Having grown up in Michigan, I have always been in awe when thinking about how Michigan must have been before the white settlers came to this wild land of many lakes, wild animals and Ancient Indian Tribes.
Michigan was once covered in thick forests, and marsh lands, which were homes for many a fur covered animal, feather flying fowl, and fin swimming fish. With the vast destruction of these natural habitats, many species have nearly or completely disappeared. Thanks to the Michigan Department of Natural Resources, some of these places have slowly been brought back into existence. The once, almost extinct American Bald Eagle, once again builds its nest high in the trees of the Houghton Lake Flats.
You can see these beautiful birds flying high above the lake on a clear day, and if you are lucky, you may see the magnificent sight of one Bald Eagle making its high dive straight down into the lake for a mid-day snack, as I was so blessed one day.
As well as the Bald Eagle, you may also see the Osprey, a cousin of the Eagle. Similar in size and colour, they can be differentiated by the Bald Eagle's distinctive white head and the L-shaped angle of the Osprey's wing in flight. Both birds are hunters of small land game and have even been known to have preyed on small domestic animals such as dogs and cats..so, keep you pets inside with they are commanding the skies above!
Before the white man came to Northern America, Indians roamed the forests and paddled along the crystal clear streams in their Birchbark Canoes. They left no plastic bags, nor did they carelessly burn down the forest. No chemicals floated on the surface of their waterways. They killed the wild game as they needed and used every part of the animal from the meat to the skin to the horns and bones. The wild berries in the forest gave them their vitamin C and anti-oxidant supplements without swallowing a pill from a plastic bottle.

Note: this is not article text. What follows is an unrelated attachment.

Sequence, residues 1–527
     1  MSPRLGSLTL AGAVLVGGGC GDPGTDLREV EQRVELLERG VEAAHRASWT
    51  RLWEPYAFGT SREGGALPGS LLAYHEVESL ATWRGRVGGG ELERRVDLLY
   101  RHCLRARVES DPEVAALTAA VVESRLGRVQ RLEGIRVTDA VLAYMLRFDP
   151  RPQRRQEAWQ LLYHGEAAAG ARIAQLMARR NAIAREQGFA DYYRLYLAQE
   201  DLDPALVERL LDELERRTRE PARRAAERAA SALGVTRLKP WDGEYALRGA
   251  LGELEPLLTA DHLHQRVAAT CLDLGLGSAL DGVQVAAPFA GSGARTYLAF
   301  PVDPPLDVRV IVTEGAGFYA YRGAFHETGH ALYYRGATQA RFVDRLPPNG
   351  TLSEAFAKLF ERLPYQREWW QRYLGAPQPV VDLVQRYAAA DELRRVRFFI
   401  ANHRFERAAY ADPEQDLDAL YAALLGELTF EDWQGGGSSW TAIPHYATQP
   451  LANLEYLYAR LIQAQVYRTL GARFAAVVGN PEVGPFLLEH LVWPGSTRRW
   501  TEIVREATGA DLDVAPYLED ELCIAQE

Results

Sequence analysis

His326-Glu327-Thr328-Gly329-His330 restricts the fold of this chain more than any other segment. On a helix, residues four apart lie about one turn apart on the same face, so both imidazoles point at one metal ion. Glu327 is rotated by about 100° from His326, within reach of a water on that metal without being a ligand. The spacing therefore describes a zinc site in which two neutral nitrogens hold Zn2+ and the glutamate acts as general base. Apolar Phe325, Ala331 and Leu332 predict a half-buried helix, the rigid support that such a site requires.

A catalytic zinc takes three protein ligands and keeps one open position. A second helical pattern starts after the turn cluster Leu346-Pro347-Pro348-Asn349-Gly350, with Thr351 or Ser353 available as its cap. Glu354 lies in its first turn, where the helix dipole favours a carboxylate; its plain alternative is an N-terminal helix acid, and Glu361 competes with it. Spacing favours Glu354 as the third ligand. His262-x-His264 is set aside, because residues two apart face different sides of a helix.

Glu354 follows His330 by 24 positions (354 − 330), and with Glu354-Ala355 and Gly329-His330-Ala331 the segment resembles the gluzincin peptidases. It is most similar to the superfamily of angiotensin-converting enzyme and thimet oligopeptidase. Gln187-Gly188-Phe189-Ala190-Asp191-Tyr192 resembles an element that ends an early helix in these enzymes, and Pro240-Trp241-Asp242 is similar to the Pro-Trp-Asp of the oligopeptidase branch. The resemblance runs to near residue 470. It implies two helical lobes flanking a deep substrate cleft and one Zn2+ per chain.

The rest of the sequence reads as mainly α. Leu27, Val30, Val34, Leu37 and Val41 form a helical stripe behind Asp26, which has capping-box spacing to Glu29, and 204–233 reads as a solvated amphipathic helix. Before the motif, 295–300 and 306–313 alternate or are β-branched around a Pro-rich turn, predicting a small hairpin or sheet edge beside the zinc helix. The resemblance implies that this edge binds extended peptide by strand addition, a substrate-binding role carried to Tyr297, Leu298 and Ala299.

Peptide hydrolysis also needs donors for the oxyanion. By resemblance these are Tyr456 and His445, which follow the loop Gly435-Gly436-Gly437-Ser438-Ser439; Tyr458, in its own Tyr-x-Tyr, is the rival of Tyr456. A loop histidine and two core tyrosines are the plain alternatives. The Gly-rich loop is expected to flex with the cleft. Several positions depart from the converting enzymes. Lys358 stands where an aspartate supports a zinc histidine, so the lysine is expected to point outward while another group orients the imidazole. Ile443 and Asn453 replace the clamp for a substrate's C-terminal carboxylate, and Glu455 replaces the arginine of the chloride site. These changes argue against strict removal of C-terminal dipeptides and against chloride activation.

Today, the forests are still miraculously covered with the same wild blueberries, June berries and currents. If you hike into the areas where the vines are thick along the forest floors, shaded by the tall Jack Pines, you may be lucky enough to find these delicious berries. Tread lightly and pick carefully not to damage the delicate skins and to take the berries whole.
Ask any local where the best berry picking can be found. If again, you are lucky, they might share their favourite spot with you.
Best time for Picking is Late July, Early August.
Best eating...blueberry pancakes and maple sirup.
Best drinking...wild berry wine!
Best recipe...ask my father Nick!
Once you have found the blue delicacies, handle with care. Proper picking should be done with a light pull from beneath the berries allowing them to gently fall into your open palm.